Longlisted for the Man Booker Prize and a Washington Post Notable Book of the Year
On the private Greek island of Skios, the high-paying guests of a world-renowned foundation prepare for the annual keynote address, to be given this year by Dr. Norman Wilfred, an aging and ponderous authority on the scientific organization of science. He turns out to be surprisingly youthful and charming, and everyone is soon eating out of his hand.
Meanwhile, in a remote villa at the other end of the island, the ravishing Georgie has agreed to spend a furtive horizontal weekend with a notorious schemer, who has characteristically failed to turn up. Trapped there with her instead is a pompous, balding individual called Dr. Norman Wilfred, who has lost his whereabouts, his luggage, and his temper—indeed, everything he possesses other than the text of a lecture on the scientific organization of science.
In a spiraling farce about upright academics, ambitious climbers, and dotty philanthropists, Michael Frayn, "the god of farce" (Entertainment Weekly), tells a story of personal and professional disintegration, probing his eternal theme of how we know what we know even as he delivers us to the outer limits of hilarity.
“Immensely entertaining...Michael Frayn is a master of that most frantic of genres: the door-slamming, coincidence-splattered, slapstick-studded genre of farce.”—Michiko Kakutani, The New York Times
“Expertly written, genuine fun... Frayn builds his puzzle so painstakingly and tells his story so engagingly, you want to jump in his lap and build a nest.”—Alex Witchel, The New York Times Book Review
“Are you, perhaps even now, searching for the perfect comic novel for the beach, the hammock or some lazy summer weekend? Say ‘yes’ to any of these questions and you should immediately head for your bookstore to buy a copy of Frayn’s new book, Skios, a romantic comedy constructed with the quick cutting and pace of a Marx Brothers movie…This is one of the most amusingly complicated novels since David Lodge’s Small World. By page two, readers will know without any doubt that they are in for a wonderful time.”—Michael Dirda, The Washington Post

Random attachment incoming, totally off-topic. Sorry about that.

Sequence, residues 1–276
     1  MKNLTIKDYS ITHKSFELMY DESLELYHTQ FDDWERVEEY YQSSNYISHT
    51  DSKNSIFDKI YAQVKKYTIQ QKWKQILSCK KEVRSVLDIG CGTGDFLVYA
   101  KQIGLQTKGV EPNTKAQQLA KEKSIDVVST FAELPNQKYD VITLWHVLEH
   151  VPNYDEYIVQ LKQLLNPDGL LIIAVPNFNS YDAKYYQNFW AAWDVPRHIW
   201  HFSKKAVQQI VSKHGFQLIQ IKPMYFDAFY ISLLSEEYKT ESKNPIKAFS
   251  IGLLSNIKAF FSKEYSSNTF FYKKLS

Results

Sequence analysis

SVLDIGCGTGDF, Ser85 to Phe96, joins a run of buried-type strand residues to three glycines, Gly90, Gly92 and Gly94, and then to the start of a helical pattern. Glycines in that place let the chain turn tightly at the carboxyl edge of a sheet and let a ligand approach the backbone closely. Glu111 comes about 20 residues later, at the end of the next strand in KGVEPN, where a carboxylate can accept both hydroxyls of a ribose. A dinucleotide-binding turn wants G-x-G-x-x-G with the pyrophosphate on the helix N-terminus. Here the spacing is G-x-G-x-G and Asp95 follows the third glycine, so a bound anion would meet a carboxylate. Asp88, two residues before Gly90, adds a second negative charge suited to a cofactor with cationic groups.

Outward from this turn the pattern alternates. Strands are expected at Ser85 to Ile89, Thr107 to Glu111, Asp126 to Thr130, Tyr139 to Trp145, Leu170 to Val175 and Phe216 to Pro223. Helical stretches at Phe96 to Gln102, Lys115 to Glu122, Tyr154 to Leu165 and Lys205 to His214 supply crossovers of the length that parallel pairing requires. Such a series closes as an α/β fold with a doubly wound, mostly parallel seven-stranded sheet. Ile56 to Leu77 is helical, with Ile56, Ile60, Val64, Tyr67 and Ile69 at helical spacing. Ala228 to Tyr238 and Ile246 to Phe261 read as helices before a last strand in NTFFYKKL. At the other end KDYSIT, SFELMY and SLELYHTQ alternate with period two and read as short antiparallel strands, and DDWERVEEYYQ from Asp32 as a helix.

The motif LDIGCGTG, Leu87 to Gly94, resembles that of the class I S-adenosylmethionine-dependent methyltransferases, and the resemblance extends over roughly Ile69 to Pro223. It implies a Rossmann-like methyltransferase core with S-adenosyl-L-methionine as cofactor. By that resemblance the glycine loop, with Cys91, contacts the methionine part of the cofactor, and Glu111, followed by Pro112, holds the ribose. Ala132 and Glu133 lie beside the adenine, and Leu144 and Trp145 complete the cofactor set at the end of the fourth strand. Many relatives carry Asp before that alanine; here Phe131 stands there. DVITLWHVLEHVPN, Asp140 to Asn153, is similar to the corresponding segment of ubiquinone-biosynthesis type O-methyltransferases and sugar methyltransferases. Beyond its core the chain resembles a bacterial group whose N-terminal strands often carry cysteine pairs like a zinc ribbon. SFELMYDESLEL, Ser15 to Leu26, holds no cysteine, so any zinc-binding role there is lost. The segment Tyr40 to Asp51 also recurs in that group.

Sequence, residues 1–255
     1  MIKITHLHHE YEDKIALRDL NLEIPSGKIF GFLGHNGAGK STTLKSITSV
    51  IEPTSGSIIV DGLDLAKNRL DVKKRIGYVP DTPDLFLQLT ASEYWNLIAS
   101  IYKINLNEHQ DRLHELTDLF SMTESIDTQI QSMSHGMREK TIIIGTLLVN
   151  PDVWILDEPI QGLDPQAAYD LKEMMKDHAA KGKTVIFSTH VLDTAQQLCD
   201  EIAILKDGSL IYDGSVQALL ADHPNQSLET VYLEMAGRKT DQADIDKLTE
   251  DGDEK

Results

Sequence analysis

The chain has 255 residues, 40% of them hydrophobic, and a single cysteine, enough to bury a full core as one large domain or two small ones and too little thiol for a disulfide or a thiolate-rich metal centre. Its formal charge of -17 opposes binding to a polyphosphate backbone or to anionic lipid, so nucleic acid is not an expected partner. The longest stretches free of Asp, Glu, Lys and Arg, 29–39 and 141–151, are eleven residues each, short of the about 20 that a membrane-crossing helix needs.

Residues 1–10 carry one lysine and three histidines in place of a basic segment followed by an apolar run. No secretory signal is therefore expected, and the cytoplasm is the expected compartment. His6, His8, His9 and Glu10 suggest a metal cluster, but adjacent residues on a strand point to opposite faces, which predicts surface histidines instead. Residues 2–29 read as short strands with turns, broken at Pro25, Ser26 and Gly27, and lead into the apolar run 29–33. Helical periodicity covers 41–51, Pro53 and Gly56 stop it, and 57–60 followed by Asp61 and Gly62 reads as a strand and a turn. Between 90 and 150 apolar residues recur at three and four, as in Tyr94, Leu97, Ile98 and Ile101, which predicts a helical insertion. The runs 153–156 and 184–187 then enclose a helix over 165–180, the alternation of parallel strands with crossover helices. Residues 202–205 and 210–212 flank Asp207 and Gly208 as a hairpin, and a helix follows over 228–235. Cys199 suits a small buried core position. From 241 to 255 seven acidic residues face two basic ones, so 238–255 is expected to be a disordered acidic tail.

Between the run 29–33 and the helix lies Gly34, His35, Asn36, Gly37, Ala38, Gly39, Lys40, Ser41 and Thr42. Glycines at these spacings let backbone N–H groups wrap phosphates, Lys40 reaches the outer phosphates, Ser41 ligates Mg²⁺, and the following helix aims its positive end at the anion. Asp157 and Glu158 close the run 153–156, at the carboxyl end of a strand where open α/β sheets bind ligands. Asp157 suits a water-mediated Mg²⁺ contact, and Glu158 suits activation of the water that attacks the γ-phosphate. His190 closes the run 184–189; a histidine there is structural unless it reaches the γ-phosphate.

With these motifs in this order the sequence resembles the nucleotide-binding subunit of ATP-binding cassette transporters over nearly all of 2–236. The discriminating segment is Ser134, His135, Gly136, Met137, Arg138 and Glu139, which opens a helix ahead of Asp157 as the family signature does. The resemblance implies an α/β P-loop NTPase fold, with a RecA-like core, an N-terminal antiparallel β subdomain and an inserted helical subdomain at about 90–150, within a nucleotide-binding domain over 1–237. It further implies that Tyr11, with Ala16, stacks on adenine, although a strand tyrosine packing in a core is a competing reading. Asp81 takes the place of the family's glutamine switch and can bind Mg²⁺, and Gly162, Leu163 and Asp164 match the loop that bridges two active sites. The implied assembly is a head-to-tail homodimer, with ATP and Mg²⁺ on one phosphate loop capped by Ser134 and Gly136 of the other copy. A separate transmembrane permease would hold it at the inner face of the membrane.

“A paragon of academic satire, this novel is also a shining example of the drama of mistaken identities…Like much of Frayn’s work, Skios is a virtuoso performance, and very funny, but underneath it all is a melancholy truth: many people are unhappy with who they are and wouldn't mind being mistaken for someone else.”—The New Yorker
“A masterly crafted farce...Frayn is so devilishly good at clicking the pieces into place that watching him build his contraption is its own entertainment.”—Entertainment Weekly
“Fiendishly funny...Frayn creates a convincing world so endearingly vulnerable to this kind of mayhem that farce seems inevitable, yet you wind up rooting for the irredeemably irresponsible protagonist to get away with it.”—North Coast Journal
“A witty Rube Goldberg construction of a novel...Think Being There set to the staccato pacing of Noises Off, and hold on to your funny bones.”—Library Journal
“Truly does make you laugh out loud. I sniggered on the train and the bus; I sniggered in the kitchen, the bedroom and, on one occasion, in the shower. I wasn’t reading the book in the shower, obviously. But I was thinking about it, and that was enough—Skios really is hilarious.”—The Observer (UK)
“In the hands of someone less accomplished, the events in Skios would be too improbable...As it is, you can sit back and let the book lap over you like the warm waters surrounding this Greek isle.”—The Spectator (UK)
“The pieces of this intricate farce click into place with all the assurance you’d expect from the author of Noises Off...The denouement is pitch-perfect. Guaranteed to make many an appearance on holiday-reading lists this summer.”—Daily Mail (UK)
“Awkward sexual encounters, mistaken identities and buffoonish caricatures of powerful men and women litter the plot of this engaging, even bawdy comedy...Skios sparkles with a precise, theatrical timing.”—The List (UK)
“A cracking read. At the almost-close of proceedings, Frayn lifts the curtain to map out what might have happened—revealing the authorial hand guiding the action. It’s a deft and clever touch...If you’ve always regarded farce as something you don’t have to dally with, Skios could well the book to change your mind.”—Bookmunch (UK)